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Results for medium:"glazed porcelain"

61 UMMA Objects (page 1/6)
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A tall glazed and speckled porcelain offering dish for an altar. The base is a narrow and sharply tapered cylinder which meets an angular bottom of a dish. The dish itself is wide and shallow.<br />
<br />
This vessel built from low quality clay and is coated with a blue-green-tinted glaze, giving it a pale green-brown tone overall. Coarse sand is stuck to the foot rim. The tray is contaminated by many impurities and iron spots. The vessel was produced at a regional kiln.<br />
[Korean Collection, University of Michigan Museum of Art (2014) p.199]
Korean (Korean (culture or style))
Altar Dish
1850 – 1899
Gift of Ok Ja Chang and the Chang Family
2009/2.45
A glazed porcelain offering dish for an altar. The base is a narrow tapered cylinder with a ridged pattern on it. On top of it is a wide and shallow dish.<br />
<br />
This white porcelain ritual vessel is a product of a regional kiln. The foot has a hendecagonal cross-section, while the tray is wide in relation to the foot. The iron-rich clay tinged the vessel with green-brown, while the large amounts of sand contained in the clay formed a rough texture. The foot retains traces of sand supports in eight places. Glaze on the reverse side of the vessel has crawled in parts, revealing the clay body and producing many flaws.<br />
[Korean Collection, University of Michigan Museum of Art (2014) p.199]
Korean (Korean (culture or style))
Altar Dish
1850 – 1899
Gift of Ok Ja Chang and the Chang Family
2009/2.46
A glazed whie and speckled porcelain bottle. The body is round and shperical, with a narrow concave neck and lipped opening.<br />
<br />
These are modern pieces thrown on a semi-manual wheel. Their shoulders are decorated with simple designs in underglaze cobalt blue, which is a result of Japanese influence. The use of clay with a high kaolin content has given the bottles thin walls and a strong sheen. Their shoulders are contaminated with impurities. Objects of this this type were produced in Cheongsong-gun, Gyeongsangbuk-do.<br />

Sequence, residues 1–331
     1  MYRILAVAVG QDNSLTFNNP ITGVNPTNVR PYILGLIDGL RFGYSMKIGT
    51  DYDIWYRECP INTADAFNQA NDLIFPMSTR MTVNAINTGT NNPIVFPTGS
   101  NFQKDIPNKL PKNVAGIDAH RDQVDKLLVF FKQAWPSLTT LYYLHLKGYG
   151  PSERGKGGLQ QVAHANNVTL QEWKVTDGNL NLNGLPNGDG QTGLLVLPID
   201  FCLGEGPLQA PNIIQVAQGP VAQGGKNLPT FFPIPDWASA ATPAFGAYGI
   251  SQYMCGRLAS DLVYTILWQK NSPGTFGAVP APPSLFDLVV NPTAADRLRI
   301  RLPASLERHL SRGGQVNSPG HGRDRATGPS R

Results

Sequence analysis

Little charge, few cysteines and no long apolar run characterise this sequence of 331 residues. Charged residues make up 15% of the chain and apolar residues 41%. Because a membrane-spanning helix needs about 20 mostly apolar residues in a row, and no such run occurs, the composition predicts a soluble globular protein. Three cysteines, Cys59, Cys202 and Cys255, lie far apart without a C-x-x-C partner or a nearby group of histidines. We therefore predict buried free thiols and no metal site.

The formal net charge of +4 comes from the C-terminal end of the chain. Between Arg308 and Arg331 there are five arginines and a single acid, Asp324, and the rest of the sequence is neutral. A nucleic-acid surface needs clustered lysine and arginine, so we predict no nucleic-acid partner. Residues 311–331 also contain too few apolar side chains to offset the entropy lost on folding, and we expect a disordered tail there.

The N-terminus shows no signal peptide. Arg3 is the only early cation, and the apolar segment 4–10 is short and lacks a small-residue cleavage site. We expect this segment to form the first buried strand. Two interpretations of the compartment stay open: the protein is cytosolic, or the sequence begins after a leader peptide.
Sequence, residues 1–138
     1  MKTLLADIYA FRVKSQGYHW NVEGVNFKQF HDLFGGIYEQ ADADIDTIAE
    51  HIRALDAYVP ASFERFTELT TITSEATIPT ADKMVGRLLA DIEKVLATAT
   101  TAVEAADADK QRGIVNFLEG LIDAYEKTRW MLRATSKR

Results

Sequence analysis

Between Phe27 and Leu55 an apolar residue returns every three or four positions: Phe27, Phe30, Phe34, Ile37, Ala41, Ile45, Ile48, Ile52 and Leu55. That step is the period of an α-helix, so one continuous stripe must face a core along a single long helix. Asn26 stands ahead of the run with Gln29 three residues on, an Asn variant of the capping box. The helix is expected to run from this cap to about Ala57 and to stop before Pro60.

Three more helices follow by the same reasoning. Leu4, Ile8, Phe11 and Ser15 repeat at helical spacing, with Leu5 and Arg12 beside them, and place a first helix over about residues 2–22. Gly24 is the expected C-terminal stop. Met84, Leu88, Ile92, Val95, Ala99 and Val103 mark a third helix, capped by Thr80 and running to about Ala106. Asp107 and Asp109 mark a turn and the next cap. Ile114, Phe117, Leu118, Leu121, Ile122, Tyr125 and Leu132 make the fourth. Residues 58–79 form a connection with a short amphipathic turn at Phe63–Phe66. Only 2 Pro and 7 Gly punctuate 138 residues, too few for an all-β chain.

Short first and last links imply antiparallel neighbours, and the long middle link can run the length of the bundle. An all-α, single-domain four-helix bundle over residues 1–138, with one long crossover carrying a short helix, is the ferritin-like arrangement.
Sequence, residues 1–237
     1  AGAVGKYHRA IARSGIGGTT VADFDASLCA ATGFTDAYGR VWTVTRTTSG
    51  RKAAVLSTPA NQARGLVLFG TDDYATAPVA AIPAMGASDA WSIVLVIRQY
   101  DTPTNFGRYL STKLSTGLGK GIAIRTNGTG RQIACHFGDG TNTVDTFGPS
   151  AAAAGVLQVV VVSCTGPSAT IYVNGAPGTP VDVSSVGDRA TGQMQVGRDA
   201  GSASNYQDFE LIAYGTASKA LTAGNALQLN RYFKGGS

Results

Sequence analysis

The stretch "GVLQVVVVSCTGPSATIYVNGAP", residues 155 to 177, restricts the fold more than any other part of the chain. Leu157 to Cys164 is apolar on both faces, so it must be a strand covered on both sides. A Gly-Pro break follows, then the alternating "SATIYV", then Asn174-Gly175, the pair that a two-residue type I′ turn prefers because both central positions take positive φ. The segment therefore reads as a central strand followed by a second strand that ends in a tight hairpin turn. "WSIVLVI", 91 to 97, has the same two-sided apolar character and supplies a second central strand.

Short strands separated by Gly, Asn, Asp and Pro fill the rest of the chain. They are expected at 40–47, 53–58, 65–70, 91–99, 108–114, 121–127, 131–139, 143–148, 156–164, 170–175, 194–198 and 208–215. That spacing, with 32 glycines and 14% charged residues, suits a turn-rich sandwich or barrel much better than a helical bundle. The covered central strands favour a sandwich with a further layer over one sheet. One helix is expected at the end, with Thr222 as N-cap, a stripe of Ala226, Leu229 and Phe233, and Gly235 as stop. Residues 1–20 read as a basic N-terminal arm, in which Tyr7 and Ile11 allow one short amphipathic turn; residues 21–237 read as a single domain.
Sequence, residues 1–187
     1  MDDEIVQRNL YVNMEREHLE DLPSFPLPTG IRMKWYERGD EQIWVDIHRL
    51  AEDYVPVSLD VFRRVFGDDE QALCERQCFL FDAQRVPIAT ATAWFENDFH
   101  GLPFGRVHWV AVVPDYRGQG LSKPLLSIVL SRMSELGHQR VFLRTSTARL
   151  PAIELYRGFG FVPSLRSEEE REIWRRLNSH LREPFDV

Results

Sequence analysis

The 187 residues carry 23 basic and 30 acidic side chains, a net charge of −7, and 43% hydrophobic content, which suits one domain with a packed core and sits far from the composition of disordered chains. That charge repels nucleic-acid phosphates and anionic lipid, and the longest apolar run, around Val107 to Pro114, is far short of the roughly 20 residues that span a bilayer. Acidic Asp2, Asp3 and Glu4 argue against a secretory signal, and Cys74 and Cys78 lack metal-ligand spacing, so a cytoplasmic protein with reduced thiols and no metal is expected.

[Korean Collection, University of Michigan Museum of Art (2014) p.207]
Korean (Korean (culture or style))
Bottle
1900 – 1950
Gift of Ok Ja Chang and the Chang Family
2009/2.63
A glazed whie and speckled porcelain bottle. The body is round with a narrow concave neck and lipped opening. Detailed with a blue curved line and bulb shape.<br />
<br />
These are modern pieces thrown on a semi-manual wheel. Their shoulders are decorated with simple designs in underglaze cobalt blue, which is a result of Japanese influence. The use of clay with a high kaolin content has given the bottles thin walls and a strong sheen. Their shoulders are contaminated with impurities. Objects of this this type were produced in Cheongsong-gun, Gyeongsangbuk-do.<br />
[Korean Collection, University of Michigan Museum of Art (2014) p.207]
Korean (Korean (culture or style))
Bottle
1900 – 1950
Gift of Ok Ja Chang and the Chang Family
2009/2.64
A small glazed porcelain piece resembling a cake stand. It has a wide top with a smaller and round vertical base. The top is detailed with a carved pattern that would imprint the rice cake being molded on it.<br />
<br />
Rice cake stamps are used to impress designs upon rice cakes. They are generally made of wood or ceramic. Ceramic rice cake stamps normally come in the form of round stamps and consist of a patterned surface and a handle. Patterns, carved or raised, on the stamp vary from geometric lines to auspicious designs that wish for prosperity and longevity. Their small size makes them highly portable, while their simple yet contemporary designs have mad them popular among collectors. The University of Michigan Museum of Art collection includes nine white porcelain rice cake stamps. Some are gifts from Mr. and Mrs. Hasenkamp, and others are gifts from Ok Ja Chang and the Chang family.<br />
<br />
This stamp is made of colored clay, which turned red after firing. It was thinly coated with a layer
Korean (Korean (culture or style))
Rice Cake Mold
1850 – 1899
Gift of Ok Ja Chang and the Chang Family
2009/2.83
Burial wares are those placed in tombs as a way of praying for the continued happiness and comfort of the deceased in the afterlife. Offering vessels produced in the Joseon period included smaller reproductions of the vessels used every day, such as jars, boxes, and bowls, among others. The University of Michigan Museum of Art houses a set of white porcelain offering vessels buried in pit graves between the late 16th century and early 17th century. The vessels are coated in pale blue glaze but generally tinged with gray. They were fired without using saggers, while resting on fine sand supports. Their glaze is relatively well applied and fused. The cintamani-shaped knobs on the lids are similar to those found on the lids of vessels produced at white porcelain kilns near Seondong-ri and Songjeong-ri in Gwangju-si, Gyeonggi-do in the 17th century.<br />
[Korean Collection, University of Michigan Museum of Art (2014) p.187]
Korean (Korean (culture or style))
Burial Set (15 plates, 16 bowls and 6 lids)
17th century
Gift of Ok Ja Chang and the Chang Family
2009/2.79.3